After five years and a couple of certifications, I was starting to feel comfortable as a risk manager and felt myself start to get restless again. It was through the process of building my own programs that I stumbled upon continuous improvement. And again, just like that, everything changed.
Prior to my deployment in 2008 we focused on convoy training in the desert of Nevada. We constantly ran exercises from one point to another where we encountered simulated IEDs and ambushes. Similarly, while overseas, we would conduct building assault simulations on empty buildings on the compound. In both scenarios, we would devise our plan of attack, run the scenario, and debrief afterwards. One of the things that still stands out to me today is that not once did our plan match the actual events that took place. You could plan for days for a 10-minute exercise and there was always something that was impossible to account for. I remember one of the cadre telling us, “The second the first bullet is fired, your plan is obsolete. The fog of war is a thick blanket and unless you can learn to adapt, you die.”
I constantly find myself in the position of needing to fall back on that ability to adapt. While recently working on writing a process I was stuck on how to dynamically identify a column within a data table. I had spent hours reviewing and posting to forums to try to find a solution and ultimately, I found it on YouTube. I watched a video, fully in Hindi, where the developer was walking through a process that I was able to follow and recreate to solve my issue. I don’t speak Hindi. Prior to August 2019, I hadn’t even heard of RPA. Yet, when my company began talking about utilizing RPA as part of our continuous improvement initiatives, I knew the importance of understanding, and ultimately, being able to work with the technology. Over the course of the next several months I took free RPA development courses, connected with as many experts as I could, and started learning VBA to augment my development skills. August of last year changed everything that being a continuous improvement manager meant. Like the cadre said back in 2008, the plan had changed. The objective remained the same but the environment around me was entirely different. It may not have been bullets being fired this time but regardless, we knew we needed to evolve. We adapt, or we die.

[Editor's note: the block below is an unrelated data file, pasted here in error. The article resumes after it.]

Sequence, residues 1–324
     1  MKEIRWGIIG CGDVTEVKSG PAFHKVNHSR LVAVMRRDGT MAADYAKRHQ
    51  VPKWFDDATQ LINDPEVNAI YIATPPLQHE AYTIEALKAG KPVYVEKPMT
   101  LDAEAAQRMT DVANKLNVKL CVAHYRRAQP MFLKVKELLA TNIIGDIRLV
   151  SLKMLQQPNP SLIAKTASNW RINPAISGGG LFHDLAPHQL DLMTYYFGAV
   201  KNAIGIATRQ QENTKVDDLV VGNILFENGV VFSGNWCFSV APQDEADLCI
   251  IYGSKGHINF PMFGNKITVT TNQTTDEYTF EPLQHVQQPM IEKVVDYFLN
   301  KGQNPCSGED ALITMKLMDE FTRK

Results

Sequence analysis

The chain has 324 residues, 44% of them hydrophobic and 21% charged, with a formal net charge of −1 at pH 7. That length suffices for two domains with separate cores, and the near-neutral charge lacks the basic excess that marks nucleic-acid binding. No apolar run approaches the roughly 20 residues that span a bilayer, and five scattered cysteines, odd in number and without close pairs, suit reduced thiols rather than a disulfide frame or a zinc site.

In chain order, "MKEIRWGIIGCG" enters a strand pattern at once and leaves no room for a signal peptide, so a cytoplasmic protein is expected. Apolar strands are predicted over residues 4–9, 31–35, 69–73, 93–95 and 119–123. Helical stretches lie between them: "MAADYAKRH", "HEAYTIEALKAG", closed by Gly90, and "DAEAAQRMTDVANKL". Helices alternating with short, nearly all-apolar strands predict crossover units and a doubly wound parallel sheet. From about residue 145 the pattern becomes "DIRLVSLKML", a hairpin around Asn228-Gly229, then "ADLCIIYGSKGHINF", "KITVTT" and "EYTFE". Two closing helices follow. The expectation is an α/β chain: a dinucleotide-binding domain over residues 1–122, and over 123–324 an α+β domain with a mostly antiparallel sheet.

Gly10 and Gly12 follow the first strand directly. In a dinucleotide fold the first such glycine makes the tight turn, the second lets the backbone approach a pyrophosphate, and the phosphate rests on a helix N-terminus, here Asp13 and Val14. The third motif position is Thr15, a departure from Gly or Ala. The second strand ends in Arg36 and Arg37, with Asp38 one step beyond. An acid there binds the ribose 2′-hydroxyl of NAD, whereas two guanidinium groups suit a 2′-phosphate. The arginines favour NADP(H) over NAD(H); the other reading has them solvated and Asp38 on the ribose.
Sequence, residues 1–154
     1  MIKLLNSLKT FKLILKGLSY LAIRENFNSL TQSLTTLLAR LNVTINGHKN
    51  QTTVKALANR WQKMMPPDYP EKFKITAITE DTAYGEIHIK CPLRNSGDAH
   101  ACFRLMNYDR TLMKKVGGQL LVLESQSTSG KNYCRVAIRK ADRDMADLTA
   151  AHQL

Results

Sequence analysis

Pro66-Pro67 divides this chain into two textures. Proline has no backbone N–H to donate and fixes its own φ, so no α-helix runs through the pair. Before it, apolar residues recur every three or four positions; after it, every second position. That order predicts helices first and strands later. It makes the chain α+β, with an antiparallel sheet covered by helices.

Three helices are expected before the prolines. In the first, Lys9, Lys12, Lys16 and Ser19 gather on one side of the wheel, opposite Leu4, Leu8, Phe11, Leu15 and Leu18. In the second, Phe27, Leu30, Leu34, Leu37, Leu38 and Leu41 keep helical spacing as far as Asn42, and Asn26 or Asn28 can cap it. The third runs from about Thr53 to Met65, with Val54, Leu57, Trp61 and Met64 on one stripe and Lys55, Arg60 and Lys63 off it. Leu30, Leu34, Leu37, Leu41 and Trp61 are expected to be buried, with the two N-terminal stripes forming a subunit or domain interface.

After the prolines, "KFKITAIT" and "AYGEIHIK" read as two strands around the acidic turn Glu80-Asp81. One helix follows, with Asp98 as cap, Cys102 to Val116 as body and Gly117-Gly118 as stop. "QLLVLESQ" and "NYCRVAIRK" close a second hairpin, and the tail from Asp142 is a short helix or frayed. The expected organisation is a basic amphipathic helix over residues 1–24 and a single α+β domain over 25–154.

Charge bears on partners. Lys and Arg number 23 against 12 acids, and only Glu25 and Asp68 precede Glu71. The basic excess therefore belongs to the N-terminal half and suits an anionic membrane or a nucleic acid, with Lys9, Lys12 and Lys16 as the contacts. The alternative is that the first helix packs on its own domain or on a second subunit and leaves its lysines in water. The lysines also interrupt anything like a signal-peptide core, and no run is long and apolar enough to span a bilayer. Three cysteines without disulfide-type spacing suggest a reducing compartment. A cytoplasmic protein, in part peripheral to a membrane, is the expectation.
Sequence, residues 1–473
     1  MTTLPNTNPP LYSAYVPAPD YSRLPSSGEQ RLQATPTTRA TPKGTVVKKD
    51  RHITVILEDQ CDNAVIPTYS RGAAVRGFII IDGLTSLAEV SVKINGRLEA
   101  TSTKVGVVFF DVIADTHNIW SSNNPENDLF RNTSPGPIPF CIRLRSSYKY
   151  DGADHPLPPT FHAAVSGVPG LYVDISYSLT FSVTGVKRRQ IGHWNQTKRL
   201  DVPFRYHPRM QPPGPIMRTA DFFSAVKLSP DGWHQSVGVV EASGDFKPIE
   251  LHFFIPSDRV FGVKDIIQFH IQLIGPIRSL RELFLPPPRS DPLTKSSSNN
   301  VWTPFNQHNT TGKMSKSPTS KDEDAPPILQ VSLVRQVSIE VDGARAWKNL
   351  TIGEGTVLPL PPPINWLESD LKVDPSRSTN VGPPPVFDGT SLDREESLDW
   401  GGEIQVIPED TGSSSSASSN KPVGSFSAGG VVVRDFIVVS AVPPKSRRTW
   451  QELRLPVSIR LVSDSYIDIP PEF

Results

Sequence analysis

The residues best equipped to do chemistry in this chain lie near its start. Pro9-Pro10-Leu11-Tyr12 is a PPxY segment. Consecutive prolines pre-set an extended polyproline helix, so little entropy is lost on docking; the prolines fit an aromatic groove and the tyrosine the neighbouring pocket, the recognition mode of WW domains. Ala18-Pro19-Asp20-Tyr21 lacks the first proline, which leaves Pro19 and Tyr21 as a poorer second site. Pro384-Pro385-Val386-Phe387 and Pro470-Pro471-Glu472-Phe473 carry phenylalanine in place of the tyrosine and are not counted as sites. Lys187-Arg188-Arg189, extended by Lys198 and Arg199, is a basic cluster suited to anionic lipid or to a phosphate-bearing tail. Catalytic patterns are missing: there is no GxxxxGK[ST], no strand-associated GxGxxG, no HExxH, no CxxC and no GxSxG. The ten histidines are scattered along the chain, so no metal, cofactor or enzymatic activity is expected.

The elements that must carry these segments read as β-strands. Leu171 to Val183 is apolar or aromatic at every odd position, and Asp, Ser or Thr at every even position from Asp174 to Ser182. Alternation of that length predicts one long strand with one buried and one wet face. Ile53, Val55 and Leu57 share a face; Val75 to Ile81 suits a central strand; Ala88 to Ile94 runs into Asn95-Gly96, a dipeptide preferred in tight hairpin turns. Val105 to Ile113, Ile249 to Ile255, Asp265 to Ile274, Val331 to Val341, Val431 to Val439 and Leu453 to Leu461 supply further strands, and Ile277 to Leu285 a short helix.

While this isn’t an average story, I’m far from unique. There are droves of veterans in a similar position. For veterans looking to transition and wanting to learn a new skill set, the biggest advantage of choosing RPA is that it’s still new. The technology is in its infancy. This means there is a whole industry trying to figure out best practices, what to do next, and how far can this go. Many companies have open source training and community forums to support new developers. To be able to be a part of that from the beginning is special. If you can get comfortable with the uncomfortable, the potential is there.
For companies looking to incorporate RPA into the company strategy, I implore you to look at veterans as a tool at your disposal. We were bred in uncertainty and change. Yes, the road to RPA can feel overwhelming and challenging, but I don’t know many veterans that would shy away from a good fight.